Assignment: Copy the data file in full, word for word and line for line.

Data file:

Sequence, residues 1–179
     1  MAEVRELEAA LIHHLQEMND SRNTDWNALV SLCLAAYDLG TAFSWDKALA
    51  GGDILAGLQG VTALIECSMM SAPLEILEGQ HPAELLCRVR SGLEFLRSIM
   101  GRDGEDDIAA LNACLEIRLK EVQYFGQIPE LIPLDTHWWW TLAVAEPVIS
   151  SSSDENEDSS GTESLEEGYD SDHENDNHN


Sequence, residues 1–179
     1  MAEVRELEAA LIHHLQEMND SRNTDWNALV SLCLAAYDLG TAFSWDKALA
    51  GGDILAGLQG VTALIECSMM SAPLEILEGQ HPAELLCRVR SGLEFLRSIM
   101  GRDGEDDIAA LNACLEIRLK EVQYFGQIPE LIPLDTHWWW TLAVAEPVIS
   151  SSSDENEDSS GTESLEEGYD SDHENDNHN